- 1 Our Background
- 2 Sharing Expenses
- 3 Cultural Issues
- 4 Banking Issues
- 5 Legal
- 6 Final Words
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Our BackgroundI think it’s useful first to tell you a little about the background of my relationship and our personal circumstances so you can put things below into context. I am 29 years old and have been living in Thailand for the best part of four years. I work as a teacher, run a website and do the odd writing gig which, in total, brings in around 75-80,000 THB a month. I used to work for a golf company in the UK and before I came to Thailand. I had savings of around 30,000 GBP which I have used to buy a condo in Bangkok.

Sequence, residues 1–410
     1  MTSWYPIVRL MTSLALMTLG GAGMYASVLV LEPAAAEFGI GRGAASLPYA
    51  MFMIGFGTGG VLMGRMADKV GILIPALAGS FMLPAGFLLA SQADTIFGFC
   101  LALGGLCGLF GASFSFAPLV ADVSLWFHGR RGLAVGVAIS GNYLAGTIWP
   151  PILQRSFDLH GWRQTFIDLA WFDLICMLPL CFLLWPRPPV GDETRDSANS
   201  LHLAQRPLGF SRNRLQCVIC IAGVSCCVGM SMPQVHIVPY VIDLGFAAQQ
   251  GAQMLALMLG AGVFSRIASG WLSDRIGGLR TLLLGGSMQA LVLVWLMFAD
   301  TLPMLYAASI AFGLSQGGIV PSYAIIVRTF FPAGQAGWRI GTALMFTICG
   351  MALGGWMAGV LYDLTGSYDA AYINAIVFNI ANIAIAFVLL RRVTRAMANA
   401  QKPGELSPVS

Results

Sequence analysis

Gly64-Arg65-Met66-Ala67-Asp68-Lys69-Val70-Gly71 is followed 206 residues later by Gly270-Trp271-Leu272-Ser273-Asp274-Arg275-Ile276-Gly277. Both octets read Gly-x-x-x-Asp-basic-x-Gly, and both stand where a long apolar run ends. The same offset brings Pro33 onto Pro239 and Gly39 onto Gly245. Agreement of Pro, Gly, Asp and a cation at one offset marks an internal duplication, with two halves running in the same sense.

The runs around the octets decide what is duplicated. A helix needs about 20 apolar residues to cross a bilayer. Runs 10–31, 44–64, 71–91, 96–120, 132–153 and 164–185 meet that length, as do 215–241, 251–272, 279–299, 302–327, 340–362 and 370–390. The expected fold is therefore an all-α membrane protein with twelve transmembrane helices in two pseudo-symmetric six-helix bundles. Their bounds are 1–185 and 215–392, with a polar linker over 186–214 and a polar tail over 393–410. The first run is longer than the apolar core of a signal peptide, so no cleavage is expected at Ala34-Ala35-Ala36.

My Thai GirlfriendMy girlfriend is 22 and works as an English tutor and does the odd private classes too, which brings in around 25,000 THB a month. Before we met, Nook lived in America for a year and worked in Asia Books at the airport in Bangkok before that. I would say Nook is a good example of the increasing number of middle-class people in Thailand. She makes good money, rents a decent house and has disposable income to spend. We have been together for almost two and a half years and live on Nawamin Road, which is on the outskirts of Bangkok. We met at the nearby Fashion Island shopping mall and hit it off straight away. At around 100,000 THB a month, we make a decent amount combined but would like more to make things more comfortable. We both have aims to increase our salary over the coming year. I’m aiming for closer to 100,000 a month and Nook would like around 35,000. In terms of monthly outgoings we have to put aside around 45,000 THB which covers accommodation (mine and Nook’s family’s) and bills (utilities, student loan payments and gym memberships). This leaves around 55,000 THB for everything else. I’ll go into more details below in terms of what we spend and who pays for everything below.